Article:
Tour site: Numerous group tours have folks who claim their hair was pulled or they got a face in a window when they took a photograph. You have a large mass of bodies going through these locations frequently with their cameras and so you have a large population to find evidence if there is any. Personal tales of shivers, cold spots, and hair pulling aside, given the number of people who actually frequent these locations, there’s an amazingly small ratio of reported events. Perhaps churning so many different people into a small area obliterates some of the site’s imprinted memories, perhaps the disruption alone could cause a spirit to go into hiding, or perhaps the site really had nothing to offer of the supernatural, only a lengthy history that would make historians agog while walking the noted halls. If you’ve ever watched episodes of “Ghost Hunters,” you’ve probably seen that when TAPS is called to a theater or library it’s going to be an exceptionally boring episode. One of the standouts in my mind was the “Birdcage” saloon in Tombstone, Arizona where there is a steady shuffling of folks through the building every day. I would probably consider the association of being on mining lands to give it a geological boost perhaps, but all in all, I’d not feel comfortable getting evidence in a toured site during working hours. After hours, even, it seems only a very small crew would be ideal for the least disruption and the longest period of quiet for the building. If it produces nothing at several of these sites, then I’d consider toured sites low on the haunted scale.

Private home: You have witnesses 24/7 in a haunted home. But, you also have family dynamics, personal psychology, and interpretive styles. I had an acquaintance once who thought for sure there was a ghost at her house. She had a tree scratching on her window. I pointed it out to her and even knowing it was the tree, she still thought it was a ghost and got freaked out, unable to sleep. I came by and clipped the limb. No more window scratching. She believed that I changed the dynamics of her house somehow and now the ghost had left. She had her own psychological agenda playing in the way she interpreted and explained things around her. When you put people and their family dynamics into the mix, it makes for high on the haunting scales. Just look at episodes of “A Haunting” on Discovery channel. I don’t think I’ve ever seen one episode where the family moving into the house didn’t have big-time family issues and emotional problems pre-existing. The house became sort of the scapegoat for things they didn’t want to talk about. Could a home with a family in it be more haunted? Probably of these three sites, this is the top of my list. I think the emotions of the occupants and the way they lay out furnishings and exist in this space and with each other has a huge influence on the haunt-ability of a house. Some might say the spirits are induced by emotions that they recall or perhaps those emotions are captured into the very structure of the house and become a giant amplifier of issues amongst the family. That’s a hard one to call, but if I had my choice to make a call to an abandoned site, a toured site, or a family home, I’d choose the latter. I know I’ll have a much better chance with the same folks living intimately with a house to find something happening. Whether this is partly a poltergeist phenomenon or the fact that people are attached to their homes when they die, I can’t say yet from my observations, but I hope to come to conclusions some day.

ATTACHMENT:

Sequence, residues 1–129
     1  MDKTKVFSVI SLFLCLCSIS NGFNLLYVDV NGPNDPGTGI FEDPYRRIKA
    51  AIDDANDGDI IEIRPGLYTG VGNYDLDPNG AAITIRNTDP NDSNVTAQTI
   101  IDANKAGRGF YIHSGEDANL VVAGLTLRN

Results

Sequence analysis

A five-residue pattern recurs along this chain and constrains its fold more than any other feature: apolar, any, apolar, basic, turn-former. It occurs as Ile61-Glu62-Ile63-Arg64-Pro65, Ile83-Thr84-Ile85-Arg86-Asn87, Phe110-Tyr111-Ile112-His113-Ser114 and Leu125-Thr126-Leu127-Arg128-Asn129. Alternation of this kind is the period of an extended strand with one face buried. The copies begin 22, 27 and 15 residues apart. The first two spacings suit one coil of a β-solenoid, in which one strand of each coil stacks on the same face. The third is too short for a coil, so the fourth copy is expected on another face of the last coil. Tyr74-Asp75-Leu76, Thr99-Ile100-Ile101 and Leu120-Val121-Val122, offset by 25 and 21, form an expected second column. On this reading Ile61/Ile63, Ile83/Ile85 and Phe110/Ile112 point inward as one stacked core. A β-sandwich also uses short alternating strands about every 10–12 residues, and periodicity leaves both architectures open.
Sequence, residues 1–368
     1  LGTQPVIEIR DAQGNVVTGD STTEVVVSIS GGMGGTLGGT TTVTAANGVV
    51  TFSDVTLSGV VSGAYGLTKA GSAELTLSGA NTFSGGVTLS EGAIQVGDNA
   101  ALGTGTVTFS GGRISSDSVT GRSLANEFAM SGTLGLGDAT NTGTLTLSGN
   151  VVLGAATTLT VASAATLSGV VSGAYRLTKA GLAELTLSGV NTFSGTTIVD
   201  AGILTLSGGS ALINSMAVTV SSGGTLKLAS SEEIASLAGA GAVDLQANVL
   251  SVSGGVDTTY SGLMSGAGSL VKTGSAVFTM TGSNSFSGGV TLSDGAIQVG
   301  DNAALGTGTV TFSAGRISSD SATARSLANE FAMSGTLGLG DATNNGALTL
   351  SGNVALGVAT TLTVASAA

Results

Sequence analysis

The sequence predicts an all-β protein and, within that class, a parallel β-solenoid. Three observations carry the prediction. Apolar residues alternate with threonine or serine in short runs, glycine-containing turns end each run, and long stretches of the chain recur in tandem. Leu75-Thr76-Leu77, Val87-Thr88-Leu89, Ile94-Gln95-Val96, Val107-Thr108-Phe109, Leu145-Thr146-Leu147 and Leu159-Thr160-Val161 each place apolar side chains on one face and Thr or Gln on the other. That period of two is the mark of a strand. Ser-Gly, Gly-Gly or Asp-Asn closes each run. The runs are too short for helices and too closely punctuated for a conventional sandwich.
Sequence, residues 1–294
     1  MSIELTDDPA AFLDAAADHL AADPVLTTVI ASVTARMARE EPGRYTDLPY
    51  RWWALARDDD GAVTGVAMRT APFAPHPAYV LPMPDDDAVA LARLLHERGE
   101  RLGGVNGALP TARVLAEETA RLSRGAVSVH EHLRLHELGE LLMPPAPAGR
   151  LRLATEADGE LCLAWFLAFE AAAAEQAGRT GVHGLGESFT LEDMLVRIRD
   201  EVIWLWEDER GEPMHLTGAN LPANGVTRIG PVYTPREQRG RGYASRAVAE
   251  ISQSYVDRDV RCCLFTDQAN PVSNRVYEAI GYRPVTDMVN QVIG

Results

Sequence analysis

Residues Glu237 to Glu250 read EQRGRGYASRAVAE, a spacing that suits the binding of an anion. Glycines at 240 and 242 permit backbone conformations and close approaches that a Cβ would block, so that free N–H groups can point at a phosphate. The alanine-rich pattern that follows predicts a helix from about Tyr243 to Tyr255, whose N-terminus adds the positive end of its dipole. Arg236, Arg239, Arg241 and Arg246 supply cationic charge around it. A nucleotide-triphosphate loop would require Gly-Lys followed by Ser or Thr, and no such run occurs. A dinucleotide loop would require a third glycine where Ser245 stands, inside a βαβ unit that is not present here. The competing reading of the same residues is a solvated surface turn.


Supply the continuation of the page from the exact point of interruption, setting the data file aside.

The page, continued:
I’d be curious to hear which site you’d most like to investigate and why.

1 comment:

  1. Hiya Autumnforest-great article as always!! Let me think on this-I had just got back online after being off yesterday-but lost sleep again with insomnia and I think I am going to have to catch up tomorrow-all the best to you!!